Wednesday, September 7, 2011

Cooperian Dark Ale - The Results

As a preamble, kindly read the earlier post.

The results:

a) Pours a fairly haze-free, chocolaty/ruby brown. Garnet highlights. Head is a soft beige, holds well and leaves a decent lace (thankyou maltodextrin).
s) Peach and soft yeast fleshiness. Touch gluey.
t) Strong stonefruit, but tempered with an acetone-like heat. Keep the naked flames away.....
Has a strange seedy/vegetable note. Maybe celery (?)
m) Light to medium. Touch hollow in the middle.
d) Seems to have the awkwardness of Casacadians/Indian Blacks etc..... but not the quality..... Needs an addition of steeped dark malts to give more chocolate & mocha notes, and the hop additions may be better post-primary.
I'll save it for when Darren comes around :-)

Serving: On-tap

Well, I think this experiment was part success, part failure. A tin of Coopers Pale, a tin of Coopers Dark, and a kilo of Brewbooster.  My recent success with a Pale clone (using the Pale tin and the Brewbooster) could be put down to the use of full boil techniques (including wort chilling), and a stable, cool fermentation.

I didn't give this beer the same attention. It was a quick empty of the contents onto the yeast cake of the Pale, and topped up with tap water. The hop additions were thrown in at the end, but most of the aroma seems to have blown off during fermentation.

It's probably worth another go, but with the additional attention of the full boil. It is drinkable (just), and cheap to make. Not sure if Amarillo is the way to go with Coopers tins. Maybe some spare Pride of Ringwood might have aligned better....

Incidentally, an interesting variation has presented itself. My friend Glenn has given me an old port barrel, so I've filled it with this beer. My ambition is to have, in 12-18 months, a Rodenbach clone. 

You can stop laughing now...

Sunday, September 4, 2011

Beer Porn

That got your interest, didn't it ? "Beer porn" is a rather questionable idiom that is used whenever one wants to show off their recent beer acquisitions. I've been guilty of it before, and here again.

Last Friday saw me drop into the Beer Cartel, growler in hand, and a mind for Father's Day. Geoff got the refilling underway, and I had a bit of a browse.

Certainly some interesting bottles here. I collected Meantime London Pale Ale, Sierra Nevada Porter, Mikkeller 1000IBU, Viven Imperial IPA, and Mountain Goat's Seedy Goat Coffee IPA.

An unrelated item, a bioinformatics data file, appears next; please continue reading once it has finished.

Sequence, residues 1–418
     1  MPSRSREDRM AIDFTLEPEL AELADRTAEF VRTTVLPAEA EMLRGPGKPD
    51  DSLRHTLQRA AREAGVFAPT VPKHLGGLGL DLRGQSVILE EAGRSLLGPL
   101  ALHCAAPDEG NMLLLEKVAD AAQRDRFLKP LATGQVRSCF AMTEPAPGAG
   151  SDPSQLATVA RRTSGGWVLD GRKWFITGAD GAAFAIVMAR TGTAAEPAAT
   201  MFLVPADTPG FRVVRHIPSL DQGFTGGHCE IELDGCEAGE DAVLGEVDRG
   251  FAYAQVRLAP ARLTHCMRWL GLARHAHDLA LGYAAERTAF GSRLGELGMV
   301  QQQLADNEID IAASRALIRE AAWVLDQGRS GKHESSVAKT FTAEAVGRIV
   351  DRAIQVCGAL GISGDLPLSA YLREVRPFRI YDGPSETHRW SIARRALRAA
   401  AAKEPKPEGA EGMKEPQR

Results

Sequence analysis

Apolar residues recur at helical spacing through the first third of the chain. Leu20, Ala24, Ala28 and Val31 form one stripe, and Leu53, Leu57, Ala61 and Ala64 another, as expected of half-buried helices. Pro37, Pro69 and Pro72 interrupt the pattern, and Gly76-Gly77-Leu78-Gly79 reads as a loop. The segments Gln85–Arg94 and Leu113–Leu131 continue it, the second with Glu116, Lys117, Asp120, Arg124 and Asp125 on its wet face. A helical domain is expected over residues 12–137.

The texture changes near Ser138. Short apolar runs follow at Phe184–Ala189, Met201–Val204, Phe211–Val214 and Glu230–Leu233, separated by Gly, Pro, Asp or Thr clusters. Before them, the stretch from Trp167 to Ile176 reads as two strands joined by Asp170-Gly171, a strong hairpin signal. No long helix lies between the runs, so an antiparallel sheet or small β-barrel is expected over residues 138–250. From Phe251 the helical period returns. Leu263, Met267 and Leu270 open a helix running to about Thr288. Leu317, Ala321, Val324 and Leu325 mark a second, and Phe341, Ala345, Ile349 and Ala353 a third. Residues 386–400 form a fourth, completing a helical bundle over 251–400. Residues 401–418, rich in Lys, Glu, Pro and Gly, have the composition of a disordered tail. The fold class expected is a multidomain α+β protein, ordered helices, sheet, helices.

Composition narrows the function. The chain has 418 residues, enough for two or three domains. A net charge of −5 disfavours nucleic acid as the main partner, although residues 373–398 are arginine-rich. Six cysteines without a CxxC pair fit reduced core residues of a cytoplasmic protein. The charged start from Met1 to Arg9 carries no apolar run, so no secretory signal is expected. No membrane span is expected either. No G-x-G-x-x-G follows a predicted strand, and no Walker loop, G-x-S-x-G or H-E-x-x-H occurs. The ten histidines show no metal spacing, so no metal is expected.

The growler contains a German-style Pilsener, from the Australian Brewery at Rouse Hill.
Anyway, these have all been consumed..... another splendid Father's Day spent in the garden with the extended family. My brothers Chris and Nick don't mind a quality beer, and Chris' father-in-law Bob spends way too much time at Platinum and Northmead cellars. This is good news for us, as he brought along some very interesting beers, including Greene King IPA, Hepworth Sussex Ale, Kozlak bock, 3 Monts, and the Little Creatures Dreadnought stout, which we never got to, sadly.

The Meantime was a little subdued.... maybe would be better on tap in a London pub. The Viven seemed strangely schizoid..... I'm not entirely sure that Imperial IPAs are meant to come from Belgian yeasts. The Mikkeller almost took the roof of my mouth off. Intense hop flavours and bitterness that just kept on going. It left the Viven on the starting line.......

And the Seedy Goat ? Coffee IPA ? Well, it was interesting. We couldn't detect any bona fide coffee flavour, but the overall impression was one of green vegetable. Capsicum, to be precise.
The beer in the growler was brewed by Neal Cameron, who was also the brewer behind Red Angus pilsener. To me the beers are similar, with a well-balanced malt profile, and a good dose of hops giving the spine needed for the style. The growler is a concept that is beginning to take off in NSW, with Murrays doing it at Bob's Farm (and hopefully Manly soon).
The surprise of the day was the Kozlak, from Poland. I tend to view Eastern European beers as being fairly straightforward, with an almost pedantic ahderence to style, but lacking the substance. The Kozlak offered a caramel, fruity malt flavour that was almost doppel. A great drop for an early spring afternoon.

I also had my own Coopers pale ale on tap, as the in-betweenie session beer. For a kit brew it's remarkably good. I put this down to the full boil I gave it, rather than my usual approach of tipping tins into hot water and filling up from the tap. I think the full wort boil is a "best practice", even when using the tins.
Thanks Nick, Chris & Bob. A good lineup, and a good afternoon. And thanks to Geoff at Beer Cartel.



Aussie Beer Blog

Aussie Beer Blog